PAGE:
Conflict Alerts # 430, 1 September 2021
In the news
On 29 August, the Houthis launched drones and ballistic missiles on the al-Anad military base in Lahij, a government-held southern province. Considered as one of the deadliest attacks in recent years, it killed at least 30 and wounded more than 60 soldiers belonging to the Southern Forces backed by the UAE and part of the Saudi-led Arab coalition.
On 31 August, the coalition stated that the Saudi air defence forces intercepted a drone launched targeting the Abha International Airport.
Issues at large
First, the stall of ceasefire talks. Saudi Arabia proposed a ceasefire plan in March 2021, aimed at lifting the blockades on Sana'a International Airport and the seaports of Yemen and ending six years of fighting that now includes multiple national and international actors. The plan and the talks were supported by the United Nations and backed by the United States. Following brisk diplomatic activities and high profile talks mainly held in Oman, the talks are now stalled after the parties failed to reach a deal. The drone attack comes against the backdrop of the failure of talks.
Second, continuing war and lingering stalemate. Yemen is marred by internal political differences and the fight between the Houthis and the internationally recognized government. The role of the external countries like the US, Arab countries and Iran fuelled the war further. The Marib offensive is one of the deadliest clashes in the six years, taking a heavy toll on the conflicting parties. While the Houthis seemed near victorious in capturing a resource-rich Marib, they are facing stiff resistance from the government forces and the coalition that have killed thousands of fighters in recent months.
Third, continuing confrontations. Even prior to the battle of Marib, the confrontations between the Arab coalition, especially Saudi Arabia and the Houthis, have occurred. While the Houthis have launched a series of attacks on the bordering cities, airports, and Aramco oil facilities, the Kingdom has responded by intercepting the drones and missiles.
Fourth, the sustenance of the Houthis. The Ansarallah started as a movement to overthrow the internationally recognized regime and gained substantial territorial control of Yemen. Over the years, they have been able to sustain, despite heavy military bombardments from the Arab coalition supported by the US. This speaks volumes about the support they receive from Iran and Hezbollah and also Tehran's expanse in the region.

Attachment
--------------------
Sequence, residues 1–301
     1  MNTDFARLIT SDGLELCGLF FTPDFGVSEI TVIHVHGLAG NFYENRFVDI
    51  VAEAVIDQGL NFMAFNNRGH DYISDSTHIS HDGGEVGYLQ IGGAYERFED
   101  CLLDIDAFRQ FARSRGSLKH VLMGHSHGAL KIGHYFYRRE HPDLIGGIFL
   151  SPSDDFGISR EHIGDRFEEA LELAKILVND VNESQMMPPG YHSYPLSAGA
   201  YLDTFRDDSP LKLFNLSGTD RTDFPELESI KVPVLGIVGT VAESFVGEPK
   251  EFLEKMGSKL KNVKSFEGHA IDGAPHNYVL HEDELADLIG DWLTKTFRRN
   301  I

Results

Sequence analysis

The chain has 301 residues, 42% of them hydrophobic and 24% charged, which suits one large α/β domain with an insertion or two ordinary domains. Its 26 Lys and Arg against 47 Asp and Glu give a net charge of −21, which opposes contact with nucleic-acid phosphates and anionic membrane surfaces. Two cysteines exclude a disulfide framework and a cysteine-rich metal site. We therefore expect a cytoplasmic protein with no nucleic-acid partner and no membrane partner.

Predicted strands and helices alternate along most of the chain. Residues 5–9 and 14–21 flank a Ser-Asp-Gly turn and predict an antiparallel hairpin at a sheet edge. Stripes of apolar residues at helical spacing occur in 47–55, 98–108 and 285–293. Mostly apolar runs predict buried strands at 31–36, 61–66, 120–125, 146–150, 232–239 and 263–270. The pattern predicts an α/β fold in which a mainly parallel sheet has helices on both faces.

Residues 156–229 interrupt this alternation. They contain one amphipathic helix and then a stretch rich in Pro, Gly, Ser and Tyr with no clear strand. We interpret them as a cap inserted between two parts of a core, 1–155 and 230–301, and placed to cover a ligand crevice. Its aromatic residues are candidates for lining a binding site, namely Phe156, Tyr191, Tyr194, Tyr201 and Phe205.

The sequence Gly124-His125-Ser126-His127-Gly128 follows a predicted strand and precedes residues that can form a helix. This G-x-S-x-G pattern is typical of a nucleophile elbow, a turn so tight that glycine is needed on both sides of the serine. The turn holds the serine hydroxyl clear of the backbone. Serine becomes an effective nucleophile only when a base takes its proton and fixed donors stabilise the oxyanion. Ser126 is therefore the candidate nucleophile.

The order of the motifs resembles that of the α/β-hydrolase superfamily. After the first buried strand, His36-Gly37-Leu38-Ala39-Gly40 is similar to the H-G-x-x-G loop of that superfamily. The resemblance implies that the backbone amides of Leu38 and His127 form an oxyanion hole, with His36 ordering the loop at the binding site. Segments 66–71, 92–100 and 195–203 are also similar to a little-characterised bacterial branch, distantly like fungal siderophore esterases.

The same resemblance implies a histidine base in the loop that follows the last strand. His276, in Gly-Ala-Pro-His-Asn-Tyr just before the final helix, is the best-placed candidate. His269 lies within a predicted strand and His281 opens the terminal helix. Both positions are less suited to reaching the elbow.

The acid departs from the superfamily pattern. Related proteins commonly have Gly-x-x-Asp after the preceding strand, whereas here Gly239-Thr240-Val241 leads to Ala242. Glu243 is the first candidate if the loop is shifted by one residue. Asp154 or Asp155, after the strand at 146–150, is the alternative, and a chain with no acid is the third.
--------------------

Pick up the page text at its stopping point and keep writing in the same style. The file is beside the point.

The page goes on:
Fifth, the Middle Eastern great game. Yemen is a battleground that is used by the regional states to establish their influence in the Middle East. 2015 marked the intensification of the war when the Arab coalition entered. As mentioned earlier, Iran and its proxies are supporting the Houthi rebels against the coalition. In other words, the war in Yemen has unfolded the larger geopolitical rivalries in the Middle East and the necessity of the key states to prove their sway over regional affairs.
First, misplaced priorities. Yemen is experiencing the world's worst humanitarian crisis, claiming the lives of more than 233,000 people and the risk of one of the greatest famines. Yet, the fighting seems to occupy a central stage, and the misplaced priorities of the conflicting parties are evident. With the war reaching a stalemate, the objectives of either side are far from achieved.
Second, the indifference of the international community. Yemen is not the first country to face such a crisis. Rwanda, Somalia, Syria, Afghanistan, and many others, have all been victims of long-lasting conflicts that have affected millions. Yet, the indifference and insensitivity of the international community have remained consistent.